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Peter is gay and his partner Steve (Amit Shah) can not handle the fall out from his cancer treatments or the prospect of living on without him. As he confides about his life in Joan we begin to see him as a foil for the darker thoughts she's been having about where exactly her own path may take her.

As Tom befriends Steve it allows him to begin exploring Steve's terror as well as find the courage to approach his own. These are among the most affecting scenes in the film and in Neeson's recent film career. Both he and Manville underplay the horror they're confronting together and that makes everything in 'Ordinary Love' so much more unsettling.

Irish filmmaking duo Lisa Barros D’Sa and Glenn Leyburn (best known for the Belfast punk rock caper Good Vibrations) have the directing credits and the original screenplay was also written Irish playwright Owen McCafferty (best known for Scenes From the Big Picture). The film is economically written and directed and everything is always framed and filmed in service to the two main actors, who are increasingly impressive in their respective roles.

But perhaps the most unsettling thing about this beautifully directed and acted film is that it offers no easy answers, no thunderous monologues, no preachiness of any kind. Instead, it simply focuses on ordinary life, ordinary people and the extraordinary love that bonds them, which is a mystery at times even to themselves. 

Neeson and Manville have created the most convincing portrait of a long marriage that I have seen on the big screen in the last two decades and it's their very normality and ordinariness that makes their plight so universal.

Lesley Manville and Liam Neeson in Ordinary Love

Lesley Manville and Liam Neeson in Ordinary Love

We don't learn where they live (it looks like Belfast) and we don't learn what it is they did or do for a living (they have a nice upper-middle-class house but how they maintain it without visible salaries is never explained). We don't know what their politics are or if they have any.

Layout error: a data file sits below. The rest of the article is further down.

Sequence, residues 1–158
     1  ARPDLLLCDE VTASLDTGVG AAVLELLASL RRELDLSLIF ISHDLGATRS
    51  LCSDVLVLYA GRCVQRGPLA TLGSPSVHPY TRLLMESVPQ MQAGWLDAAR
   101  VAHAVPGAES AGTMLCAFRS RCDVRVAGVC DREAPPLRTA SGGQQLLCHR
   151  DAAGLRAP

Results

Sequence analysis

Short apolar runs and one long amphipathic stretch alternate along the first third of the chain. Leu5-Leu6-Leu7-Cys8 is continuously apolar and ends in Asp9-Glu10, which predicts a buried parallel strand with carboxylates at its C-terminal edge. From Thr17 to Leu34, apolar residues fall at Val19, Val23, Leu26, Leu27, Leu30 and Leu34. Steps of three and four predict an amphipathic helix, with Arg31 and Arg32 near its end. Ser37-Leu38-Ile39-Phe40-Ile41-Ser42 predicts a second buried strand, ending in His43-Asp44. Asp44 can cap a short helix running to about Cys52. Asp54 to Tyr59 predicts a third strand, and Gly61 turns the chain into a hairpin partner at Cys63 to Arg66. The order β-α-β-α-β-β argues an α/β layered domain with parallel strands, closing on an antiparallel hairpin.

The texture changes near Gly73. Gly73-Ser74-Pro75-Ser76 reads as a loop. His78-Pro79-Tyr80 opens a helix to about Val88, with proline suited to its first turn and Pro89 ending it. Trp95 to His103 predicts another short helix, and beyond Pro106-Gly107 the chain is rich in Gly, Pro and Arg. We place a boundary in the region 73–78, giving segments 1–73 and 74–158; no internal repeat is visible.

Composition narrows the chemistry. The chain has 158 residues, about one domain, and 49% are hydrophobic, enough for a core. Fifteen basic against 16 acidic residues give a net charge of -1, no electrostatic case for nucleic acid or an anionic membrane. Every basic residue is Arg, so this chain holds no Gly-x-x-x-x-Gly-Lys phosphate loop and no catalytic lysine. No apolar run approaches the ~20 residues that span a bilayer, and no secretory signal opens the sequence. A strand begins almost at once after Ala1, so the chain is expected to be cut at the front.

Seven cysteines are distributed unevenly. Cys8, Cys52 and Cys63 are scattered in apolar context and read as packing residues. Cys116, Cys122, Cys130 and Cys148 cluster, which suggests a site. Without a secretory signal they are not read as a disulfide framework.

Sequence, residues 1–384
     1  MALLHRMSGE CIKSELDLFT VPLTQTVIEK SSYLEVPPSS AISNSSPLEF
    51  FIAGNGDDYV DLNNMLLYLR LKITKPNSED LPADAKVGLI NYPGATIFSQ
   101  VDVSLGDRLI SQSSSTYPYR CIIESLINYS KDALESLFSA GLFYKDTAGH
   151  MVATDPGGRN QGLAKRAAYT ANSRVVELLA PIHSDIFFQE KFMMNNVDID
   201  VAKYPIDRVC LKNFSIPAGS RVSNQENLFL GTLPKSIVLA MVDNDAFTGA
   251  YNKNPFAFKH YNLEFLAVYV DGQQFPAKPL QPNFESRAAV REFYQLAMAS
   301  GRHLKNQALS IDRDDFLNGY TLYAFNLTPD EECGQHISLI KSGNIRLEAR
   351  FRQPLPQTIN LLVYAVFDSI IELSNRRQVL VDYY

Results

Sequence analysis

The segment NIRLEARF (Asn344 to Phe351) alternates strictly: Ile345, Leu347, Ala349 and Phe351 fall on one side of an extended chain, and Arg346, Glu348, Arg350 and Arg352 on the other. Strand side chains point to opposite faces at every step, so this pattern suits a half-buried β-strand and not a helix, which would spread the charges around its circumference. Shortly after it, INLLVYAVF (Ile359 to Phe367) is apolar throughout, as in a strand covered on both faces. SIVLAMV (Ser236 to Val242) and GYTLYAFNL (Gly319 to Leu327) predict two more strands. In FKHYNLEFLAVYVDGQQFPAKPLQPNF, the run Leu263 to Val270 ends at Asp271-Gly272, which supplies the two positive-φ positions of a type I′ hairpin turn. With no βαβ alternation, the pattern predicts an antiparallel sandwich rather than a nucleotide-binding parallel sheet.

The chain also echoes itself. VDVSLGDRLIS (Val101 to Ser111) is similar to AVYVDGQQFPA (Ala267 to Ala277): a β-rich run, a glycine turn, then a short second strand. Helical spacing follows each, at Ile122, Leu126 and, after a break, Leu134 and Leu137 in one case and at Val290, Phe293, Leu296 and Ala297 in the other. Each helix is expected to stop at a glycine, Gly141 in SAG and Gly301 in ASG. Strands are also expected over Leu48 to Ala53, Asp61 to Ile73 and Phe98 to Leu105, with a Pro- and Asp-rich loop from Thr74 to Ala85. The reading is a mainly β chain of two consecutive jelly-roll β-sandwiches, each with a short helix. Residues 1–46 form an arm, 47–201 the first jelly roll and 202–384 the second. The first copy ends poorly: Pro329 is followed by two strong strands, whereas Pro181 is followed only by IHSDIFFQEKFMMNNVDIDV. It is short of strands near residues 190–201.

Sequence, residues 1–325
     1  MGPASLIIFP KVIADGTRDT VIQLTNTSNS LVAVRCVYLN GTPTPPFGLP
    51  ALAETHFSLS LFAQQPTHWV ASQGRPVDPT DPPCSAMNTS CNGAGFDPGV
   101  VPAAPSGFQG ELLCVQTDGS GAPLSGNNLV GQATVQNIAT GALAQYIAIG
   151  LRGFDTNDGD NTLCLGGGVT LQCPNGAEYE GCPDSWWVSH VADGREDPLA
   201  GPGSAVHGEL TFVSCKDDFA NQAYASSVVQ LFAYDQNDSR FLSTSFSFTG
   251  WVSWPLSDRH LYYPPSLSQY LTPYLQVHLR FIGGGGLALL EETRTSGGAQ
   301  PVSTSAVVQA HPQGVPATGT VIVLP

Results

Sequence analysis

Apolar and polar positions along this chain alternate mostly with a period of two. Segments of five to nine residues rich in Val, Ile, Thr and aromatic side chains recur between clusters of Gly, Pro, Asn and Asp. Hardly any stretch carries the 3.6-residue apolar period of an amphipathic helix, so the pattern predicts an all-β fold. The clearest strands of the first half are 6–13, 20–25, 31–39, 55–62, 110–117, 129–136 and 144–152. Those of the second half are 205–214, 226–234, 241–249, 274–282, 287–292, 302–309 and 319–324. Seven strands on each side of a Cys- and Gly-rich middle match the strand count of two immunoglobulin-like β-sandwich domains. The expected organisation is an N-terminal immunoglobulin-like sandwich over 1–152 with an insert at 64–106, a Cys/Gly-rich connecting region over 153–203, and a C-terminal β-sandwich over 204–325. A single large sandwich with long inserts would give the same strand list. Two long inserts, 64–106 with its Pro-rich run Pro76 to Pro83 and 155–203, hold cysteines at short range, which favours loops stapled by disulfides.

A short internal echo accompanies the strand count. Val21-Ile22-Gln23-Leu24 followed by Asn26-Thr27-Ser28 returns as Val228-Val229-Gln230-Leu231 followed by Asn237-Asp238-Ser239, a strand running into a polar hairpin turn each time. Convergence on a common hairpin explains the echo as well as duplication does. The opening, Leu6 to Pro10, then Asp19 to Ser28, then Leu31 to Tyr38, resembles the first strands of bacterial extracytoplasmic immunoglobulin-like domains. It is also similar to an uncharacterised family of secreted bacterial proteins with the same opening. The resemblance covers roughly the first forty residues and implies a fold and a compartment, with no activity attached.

As I watched 'Ordinary Love' I thought that this kind of non-specificity was irritating and even aggressive. It was obvious early on that the film would be drilling down on the central issue that animates it: what is love and what will survive of it once the person you love is gone? But that does not necessitate or excuse the decision to overlook who this couple is and what they think.

Nevertheless, the central questions of 'Ordinary Love' are heady but rather good questions for a Valentine's Day movie to ask. Admittedly they're more mature than the kinds of questions that Hollywood usually asks us but 'Ordinary Love' has more ambition than your run of the mill weepie. 

This isn't 'Terms Of Endearment,' it's much closer to a documentary in its faithful depiction of what happens when cancer is diagnosed. I won't spoil the film or reveal its ending to you, just suffice to say that it will do what it was crafted to and make you hold the ones you love a little closer.

'Ordinary Love' opens February 14.